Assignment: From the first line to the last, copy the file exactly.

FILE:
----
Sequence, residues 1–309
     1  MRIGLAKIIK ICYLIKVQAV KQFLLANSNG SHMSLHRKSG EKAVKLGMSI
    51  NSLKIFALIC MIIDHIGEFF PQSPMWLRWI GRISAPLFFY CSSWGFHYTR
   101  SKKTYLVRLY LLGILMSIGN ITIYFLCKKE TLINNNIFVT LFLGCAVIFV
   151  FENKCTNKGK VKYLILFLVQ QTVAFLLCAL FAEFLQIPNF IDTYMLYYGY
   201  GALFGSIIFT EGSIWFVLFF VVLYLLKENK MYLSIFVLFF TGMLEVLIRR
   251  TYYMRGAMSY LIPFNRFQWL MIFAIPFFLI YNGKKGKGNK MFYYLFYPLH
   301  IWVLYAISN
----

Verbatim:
Sequence, residues 1–309
     1  MRIGLAKIIK ICYLIKVQAV KQFLLANSNG SHMSLHRKSG EKAVKLGMSI
    51  NSLKIFALIC MIIDHIGEFF PQSPMWLRWI GRISAPLFFY CSSWGFHYTR
   101  SKKTYLVRLY LLGILMSIGN ITIYFLCKKE TLINNNIFVT LFLGCAVIFV
   151  FENKCTNKGK VKYLILFLVQ QTVAFLLCAL FAEFLQIPNF IDTYMLYYGY
   201  GALFGSIIFT EGSIWFVLFF VVLYLLKENK MYLSIFVLFF TGMLEVLIRR
   251  TYYMRGAMSY LIPFNRFQWL MIFAIPFFLI YNGKKGKGNK MFYYLFYPLH
   301  IWVLYAISN